“Wow. That’s amazing.”
Wow is another of Rachel’s commonly used remarks. We just returned from the NDSS (National Down Syndrome Society) Buddy Walk on Washington. I’ve blogged about the Buddy Walk before and this wasn’t a Buddy Walk in the sense of a local celebration of the abilities of individuals with Down syndrome and the opportunity to raise funds and awareness. Buddy Walk on Washington (BWW) is a national celebration of abilities and the opportunity to raise awareness among political leaders and push for them to support legislation that benefits individuals with Down syndrome and their families. Rachel’s words of wow and amazing are the best descriptors I know. Over 200 people joined together in our nation’s capital to present our case to our legislators. Our legislators joined us and not just those receiving awards for their efforts.
We have many senators and congressman/women from both parties who are on our team and working to pass legislation that will help people with Down syndrome to live “real lives” as I say.
I had the opportunity to make some remarks at the NDSS Awards dinner and this is loosely what I said: “Wow. That’s amazing. Let me tell you what is amazing. What is amazing is that here is a girl who grew up in small town Rose Bud Arkansas. She came to Washington DC as a 4-H member in 1978 and fell in love with DC and advocacy. She didn’t know then that God had a different plan than she imagined for those advocacy efforts. And today I have the privilege of advocating for people with Down syndrome. I am thankful to Rachel who is truly the amazing one. She reminds me pretty often that there is joy in the journey. I do this so that Rachel and the other 400,000 individuals with Down syndrome in this country can live real lives. I married way up and I am thankful to my husband Jonathan. His love and support make it possible to be able to do what I do. I am thankful for the thousands of family who knowingly and unknowingly allow me to speak on behalf of them. I consider it the greatest honor and privilege to be able to represent them and to be trusted to speak for them.” There was more but that was the gist of it.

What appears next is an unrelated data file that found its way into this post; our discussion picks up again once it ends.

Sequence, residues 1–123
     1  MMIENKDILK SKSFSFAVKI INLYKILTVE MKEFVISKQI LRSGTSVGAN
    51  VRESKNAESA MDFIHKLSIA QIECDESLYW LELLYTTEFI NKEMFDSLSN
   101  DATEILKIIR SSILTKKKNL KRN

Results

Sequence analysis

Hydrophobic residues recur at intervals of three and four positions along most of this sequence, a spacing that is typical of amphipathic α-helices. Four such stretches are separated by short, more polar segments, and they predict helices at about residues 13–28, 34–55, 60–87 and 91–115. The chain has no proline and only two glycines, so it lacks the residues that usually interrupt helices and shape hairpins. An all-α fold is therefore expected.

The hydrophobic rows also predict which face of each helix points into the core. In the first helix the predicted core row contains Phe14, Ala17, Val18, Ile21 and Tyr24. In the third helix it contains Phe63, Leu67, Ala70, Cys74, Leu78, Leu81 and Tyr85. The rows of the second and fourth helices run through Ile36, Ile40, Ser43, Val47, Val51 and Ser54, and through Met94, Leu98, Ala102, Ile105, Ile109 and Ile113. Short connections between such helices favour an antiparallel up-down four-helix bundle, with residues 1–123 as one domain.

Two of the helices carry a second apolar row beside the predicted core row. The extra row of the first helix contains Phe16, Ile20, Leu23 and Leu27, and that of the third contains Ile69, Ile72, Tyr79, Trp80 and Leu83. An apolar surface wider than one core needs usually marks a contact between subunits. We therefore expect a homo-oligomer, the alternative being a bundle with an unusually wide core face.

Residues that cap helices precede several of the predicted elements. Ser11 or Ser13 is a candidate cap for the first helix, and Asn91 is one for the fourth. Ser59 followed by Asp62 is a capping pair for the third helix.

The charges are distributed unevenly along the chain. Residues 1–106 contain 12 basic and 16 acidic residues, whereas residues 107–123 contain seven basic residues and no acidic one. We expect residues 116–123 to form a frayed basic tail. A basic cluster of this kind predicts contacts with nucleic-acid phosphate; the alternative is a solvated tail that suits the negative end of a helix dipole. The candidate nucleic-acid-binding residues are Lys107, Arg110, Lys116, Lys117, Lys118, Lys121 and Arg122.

While everyone should, I supposed not everyone can go to DC. Most people can send a letter, make a call or write an email. For any multitude of reasons, most people do not. Not everyone had the good fortune of growing up in 4-H and learning how to do advocacy. Not everyone was given the gift of gab. But I will tell you that I have watched many mommas and daddy’s become grizzly bears and find their voice to speak for their child. I have walked into meeting with congressman when I could feel the person next to me trembling with nervousness about speaking to this person who they elected. It can be a daunting and overwhelming experience. To quote my husband, “Pretty cool day. Regardless of the political mess, today I have met U.S. Senators and congressman and shared views on disabilities. We met Sen. Lindsey Graham walking down one of the tunnels. To have the freedom where this can still happen, we are still lucky in my opinion”
I would say we are blessed. We live in country where we can walk the talk and we should.